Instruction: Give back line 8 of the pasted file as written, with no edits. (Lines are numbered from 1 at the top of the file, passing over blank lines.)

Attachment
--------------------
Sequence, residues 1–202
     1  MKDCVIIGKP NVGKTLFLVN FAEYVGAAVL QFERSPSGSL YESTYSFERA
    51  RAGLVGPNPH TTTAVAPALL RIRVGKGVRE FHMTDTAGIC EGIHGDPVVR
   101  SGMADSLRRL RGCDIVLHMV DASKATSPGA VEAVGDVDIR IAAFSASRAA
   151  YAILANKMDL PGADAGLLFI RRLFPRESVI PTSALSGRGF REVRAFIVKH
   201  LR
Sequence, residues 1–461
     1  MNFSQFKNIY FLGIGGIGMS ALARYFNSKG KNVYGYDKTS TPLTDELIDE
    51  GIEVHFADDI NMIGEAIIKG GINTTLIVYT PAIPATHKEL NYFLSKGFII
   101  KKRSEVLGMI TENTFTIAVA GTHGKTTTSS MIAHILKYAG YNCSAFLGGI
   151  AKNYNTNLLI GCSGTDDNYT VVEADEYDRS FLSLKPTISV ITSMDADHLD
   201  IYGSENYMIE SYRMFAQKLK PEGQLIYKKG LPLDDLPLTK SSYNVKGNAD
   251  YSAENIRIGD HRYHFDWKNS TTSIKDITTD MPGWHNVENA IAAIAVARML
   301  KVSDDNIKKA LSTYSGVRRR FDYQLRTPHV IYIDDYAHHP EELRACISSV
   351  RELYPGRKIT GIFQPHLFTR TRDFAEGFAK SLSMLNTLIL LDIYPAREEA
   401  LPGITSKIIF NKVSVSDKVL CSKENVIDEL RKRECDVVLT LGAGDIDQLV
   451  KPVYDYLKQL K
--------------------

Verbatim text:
     1  MNFSQFKNIY FLGIGGIGMS ALARYFNSKG KNVYGYDKTS TPLTDELIDE